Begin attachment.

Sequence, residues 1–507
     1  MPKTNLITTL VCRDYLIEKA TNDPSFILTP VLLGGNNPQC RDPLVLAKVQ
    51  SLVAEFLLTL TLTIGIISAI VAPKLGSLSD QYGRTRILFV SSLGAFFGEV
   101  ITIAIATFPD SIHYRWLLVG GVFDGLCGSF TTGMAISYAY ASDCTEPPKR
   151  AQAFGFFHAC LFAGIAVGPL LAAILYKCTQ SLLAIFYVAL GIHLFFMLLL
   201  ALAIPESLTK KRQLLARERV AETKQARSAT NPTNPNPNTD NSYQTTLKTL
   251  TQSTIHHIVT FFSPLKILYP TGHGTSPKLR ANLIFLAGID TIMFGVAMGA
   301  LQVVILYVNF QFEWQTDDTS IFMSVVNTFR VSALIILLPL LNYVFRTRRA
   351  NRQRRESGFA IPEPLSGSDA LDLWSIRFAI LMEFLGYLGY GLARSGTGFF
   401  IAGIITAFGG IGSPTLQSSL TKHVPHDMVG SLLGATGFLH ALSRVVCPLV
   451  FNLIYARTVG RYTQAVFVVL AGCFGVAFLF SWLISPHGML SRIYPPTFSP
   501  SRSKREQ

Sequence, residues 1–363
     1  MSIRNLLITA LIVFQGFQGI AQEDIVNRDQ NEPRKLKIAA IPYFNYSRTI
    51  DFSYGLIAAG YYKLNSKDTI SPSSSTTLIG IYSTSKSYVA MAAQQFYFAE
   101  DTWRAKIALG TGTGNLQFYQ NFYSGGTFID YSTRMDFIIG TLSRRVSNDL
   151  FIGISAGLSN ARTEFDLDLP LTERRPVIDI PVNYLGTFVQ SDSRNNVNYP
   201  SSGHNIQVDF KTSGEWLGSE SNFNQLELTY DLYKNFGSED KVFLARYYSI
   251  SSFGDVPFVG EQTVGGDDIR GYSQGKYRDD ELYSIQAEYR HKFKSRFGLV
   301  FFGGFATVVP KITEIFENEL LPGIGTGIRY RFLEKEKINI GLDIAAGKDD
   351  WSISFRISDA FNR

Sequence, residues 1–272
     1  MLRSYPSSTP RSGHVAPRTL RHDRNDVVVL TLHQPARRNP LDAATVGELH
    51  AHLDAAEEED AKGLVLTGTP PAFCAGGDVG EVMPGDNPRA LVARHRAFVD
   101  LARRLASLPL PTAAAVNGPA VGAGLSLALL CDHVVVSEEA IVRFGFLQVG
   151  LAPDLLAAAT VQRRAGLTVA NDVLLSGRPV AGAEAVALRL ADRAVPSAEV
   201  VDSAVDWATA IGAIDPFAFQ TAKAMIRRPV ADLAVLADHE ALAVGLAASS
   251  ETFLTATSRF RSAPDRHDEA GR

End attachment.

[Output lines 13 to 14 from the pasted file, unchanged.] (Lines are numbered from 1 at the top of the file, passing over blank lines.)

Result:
Sequence, residues 1–363
     1  MSIRNLLITA LIVFQGFQGI AQEDIVNRDQ NEPRKLKIAA IPYFNYSRTI